There is an important reason why we should pick and use or sell all of the different types and kinds of fruits and vegetables, whatever their appearance or “processing standard of acceptance”.
Those funny-looking fruit and vegetables, some which arise due to our interference with winds, bees and birds, are the answer to improving nutrition.
According to National Geographic magazine (March 2016), “about a third of the planet’s food goes to waste”. This is because we cannot transport fresh foods easily and quickly and can’t store over-age.
This is also because only the most “perfect” crop gets chosen for the large food manufacturers’ operations.
This is called standardising inputs for quality control. In the end, however, it becomes the middlemen who determine the types, appearance, and brand quality of the product that reaches the end consumer and that determines the price and raises the bar on what is acceptable to a consumer.
All of the “funny-looking” fruits and vegetables get tossed out.
Kenya needs to set up Affirmative Action projects for women, youth, and the disabled to use all of the “funny-looking fruits and vegetables” in bakeries, in restaurants, in shelters and food banks.
What Kenya could use right now are hundreds and hundreds of new producer-consumer cooperatives that focus on matching sellers and buyers of nutrient-rich, colourful, organic, and diverse foods regardless of their appearance or “imperfections”.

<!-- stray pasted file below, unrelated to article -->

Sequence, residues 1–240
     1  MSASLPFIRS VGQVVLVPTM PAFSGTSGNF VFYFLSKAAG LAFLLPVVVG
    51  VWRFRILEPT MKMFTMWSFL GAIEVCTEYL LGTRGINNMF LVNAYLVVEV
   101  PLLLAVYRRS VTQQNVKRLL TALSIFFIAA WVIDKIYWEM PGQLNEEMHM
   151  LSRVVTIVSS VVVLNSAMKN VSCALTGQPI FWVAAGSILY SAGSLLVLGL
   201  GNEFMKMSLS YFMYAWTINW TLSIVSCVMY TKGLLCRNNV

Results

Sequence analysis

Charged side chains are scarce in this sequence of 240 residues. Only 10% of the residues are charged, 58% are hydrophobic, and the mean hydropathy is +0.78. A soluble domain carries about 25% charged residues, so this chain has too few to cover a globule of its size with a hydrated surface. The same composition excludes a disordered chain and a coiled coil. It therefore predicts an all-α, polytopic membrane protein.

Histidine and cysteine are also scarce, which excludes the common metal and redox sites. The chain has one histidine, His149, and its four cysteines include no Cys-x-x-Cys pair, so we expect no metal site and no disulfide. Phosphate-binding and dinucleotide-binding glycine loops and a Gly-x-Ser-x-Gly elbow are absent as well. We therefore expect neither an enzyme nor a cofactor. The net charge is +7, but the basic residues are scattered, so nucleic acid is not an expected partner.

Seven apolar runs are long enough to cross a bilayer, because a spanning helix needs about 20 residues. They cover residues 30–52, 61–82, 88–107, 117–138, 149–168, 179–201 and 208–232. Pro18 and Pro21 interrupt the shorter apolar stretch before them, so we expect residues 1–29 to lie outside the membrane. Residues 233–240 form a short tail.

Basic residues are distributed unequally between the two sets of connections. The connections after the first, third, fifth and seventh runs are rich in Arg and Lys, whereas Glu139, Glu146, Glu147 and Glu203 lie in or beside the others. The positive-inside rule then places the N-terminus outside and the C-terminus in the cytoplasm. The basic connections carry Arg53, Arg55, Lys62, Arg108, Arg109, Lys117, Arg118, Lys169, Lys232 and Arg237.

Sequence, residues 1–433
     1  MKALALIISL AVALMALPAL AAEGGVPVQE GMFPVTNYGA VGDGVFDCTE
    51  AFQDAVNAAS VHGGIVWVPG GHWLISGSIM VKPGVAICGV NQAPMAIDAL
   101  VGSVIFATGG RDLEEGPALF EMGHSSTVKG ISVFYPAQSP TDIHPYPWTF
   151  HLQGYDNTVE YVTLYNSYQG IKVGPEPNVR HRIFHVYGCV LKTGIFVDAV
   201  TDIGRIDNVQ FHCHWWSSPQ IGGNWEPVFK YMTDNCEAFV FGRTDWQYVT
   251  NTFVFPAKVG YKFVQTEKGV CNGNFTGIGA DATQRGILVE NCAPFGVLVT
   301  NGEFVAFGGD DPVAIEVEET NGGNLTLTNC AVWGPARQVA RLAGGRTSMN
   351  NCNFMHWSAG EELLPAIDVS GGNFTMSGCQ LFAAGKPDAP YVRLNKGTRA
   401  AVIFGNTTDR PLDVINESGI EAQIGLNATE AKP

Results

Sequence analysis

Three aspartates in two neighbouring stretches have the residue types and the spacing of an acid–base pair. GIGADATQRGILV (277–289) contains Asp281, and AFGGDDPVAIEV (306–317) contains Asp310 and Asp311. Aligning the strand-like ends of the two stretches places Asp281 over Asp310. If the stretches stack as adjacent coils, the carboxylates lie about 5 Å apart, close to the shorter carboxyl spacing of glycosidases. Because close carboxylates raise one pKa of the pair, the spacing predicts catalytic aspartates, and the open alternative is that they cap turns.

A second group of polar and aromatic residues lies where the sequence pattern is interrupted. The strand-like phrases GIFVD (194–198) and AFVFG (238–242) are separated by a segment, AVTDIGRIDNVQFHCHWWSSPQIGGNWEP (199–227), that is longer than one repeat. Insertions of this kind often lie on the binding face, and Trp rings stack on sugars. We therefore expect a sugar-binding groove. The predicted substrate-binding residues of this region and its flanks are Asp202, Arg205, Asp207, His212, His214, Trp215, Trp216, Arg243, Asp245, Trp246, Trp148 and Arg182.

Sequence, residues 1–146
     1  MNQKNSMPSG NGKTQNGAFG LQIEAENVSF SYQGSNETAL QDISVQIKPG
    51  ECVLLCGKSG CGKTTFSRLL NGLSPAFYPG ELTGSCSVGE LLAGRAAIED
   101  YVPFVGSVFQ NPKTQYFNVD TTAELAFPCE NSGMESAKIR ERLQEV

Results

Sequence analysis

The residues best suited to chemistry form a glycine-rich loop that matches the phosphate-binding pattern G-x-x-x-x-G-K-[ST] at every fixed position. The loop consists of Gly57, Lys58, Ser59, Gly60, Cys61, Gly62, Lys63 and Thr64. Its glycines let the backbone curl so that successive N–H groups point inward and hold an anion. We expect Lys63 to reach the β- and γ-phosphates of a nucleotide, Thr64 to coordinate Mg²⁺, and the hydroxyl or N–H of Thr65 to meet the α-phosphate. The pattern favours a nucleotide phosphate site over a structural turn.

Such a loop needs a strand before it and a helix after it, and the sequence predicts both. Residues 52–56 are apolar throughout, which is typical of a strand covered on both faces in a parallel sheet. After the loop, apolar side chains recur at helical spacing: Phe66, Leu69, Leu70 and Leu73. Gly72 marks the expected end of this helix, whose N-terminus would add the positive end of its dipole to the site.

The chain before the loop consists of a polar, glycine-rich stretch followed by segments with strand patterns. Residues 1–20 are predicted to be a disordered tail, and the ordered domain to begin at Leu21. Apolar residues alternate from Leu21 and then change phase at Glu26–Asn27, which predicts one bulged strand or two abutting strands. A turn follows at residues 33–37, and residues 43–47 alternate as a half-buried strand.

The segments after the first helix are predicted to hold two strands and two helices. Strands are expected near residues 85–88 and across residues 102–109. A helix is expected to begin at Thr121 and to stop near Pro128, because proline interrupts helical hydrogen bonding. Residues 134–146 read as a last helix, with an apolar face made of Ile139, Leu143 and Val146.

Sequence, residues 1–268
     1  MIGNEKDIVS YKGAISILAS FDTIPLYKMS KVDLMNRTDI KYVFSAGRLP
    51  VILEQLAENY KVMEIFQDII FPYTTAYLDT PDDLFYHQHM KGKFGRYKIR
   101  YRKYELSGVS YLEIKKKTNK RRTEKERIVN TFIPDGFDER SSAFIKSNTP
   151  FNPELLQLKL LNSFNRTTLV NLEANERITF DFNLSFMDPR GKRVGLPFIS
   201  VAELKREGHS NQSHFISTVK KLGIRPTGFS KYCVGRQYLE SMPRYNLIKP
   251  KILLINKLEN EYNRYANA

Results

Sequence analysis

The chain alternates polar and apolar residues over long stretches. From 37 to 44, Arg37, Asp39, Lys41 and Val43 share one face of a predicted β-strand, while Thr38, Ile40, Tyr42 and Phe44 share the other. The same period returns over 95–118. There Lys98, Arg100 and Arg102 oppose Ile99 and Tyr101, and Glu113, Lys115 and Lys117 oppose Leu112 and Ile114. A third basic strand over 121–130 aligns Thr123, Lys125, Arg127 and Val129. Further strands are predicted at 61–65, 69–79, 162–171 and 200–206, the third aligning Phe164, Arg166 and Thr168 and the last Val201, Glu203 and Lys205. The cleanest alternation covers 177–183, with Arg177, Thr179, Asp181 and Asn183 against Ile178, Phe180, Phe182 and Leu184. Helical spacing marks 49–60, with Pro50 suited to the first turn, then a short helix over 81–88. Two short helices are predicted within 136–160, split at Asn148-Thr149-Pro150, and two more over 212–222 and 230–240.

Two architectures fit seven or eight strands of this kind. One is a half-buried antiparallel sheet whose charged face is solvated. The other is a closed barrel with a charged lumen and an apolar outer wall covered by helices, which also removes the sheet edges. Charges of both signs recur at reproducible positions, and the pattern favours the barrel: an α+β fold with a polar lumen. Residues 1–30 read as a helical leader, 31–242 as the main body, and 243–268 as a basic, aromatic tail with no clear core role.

I am proud to say that we see local NGOs across Kenya realising that there are numerous ways to utilise the full capacity of its farmers. There are NGOs like Kickstart helping on the irrigation side; there are other companies bringing in appropriate technology from India to improve processing efficiencies; there are groups organising farmers’ cooperatives to sell their produce directly to consumers, directly to retailers, processors, or distributors, and/or to sell at home in the local village.
By using all of the food that is produced in Kenya, we could bring the coverage of country-produced food to over 90 per cent of the population and cover as much as 70 per cent of its nutrient needs.
In the end, it is up to urban professionals with the most disposable income to choose to buy Kenyan produced fruits and vegetables of the highest nutritional value and up to farmers to produce and cultivate high quality, organic, fresh produce to satisfy an increasingly educated and demanding clientele.
Mrs Feller is an international development specialist and may be reached at: [email protected]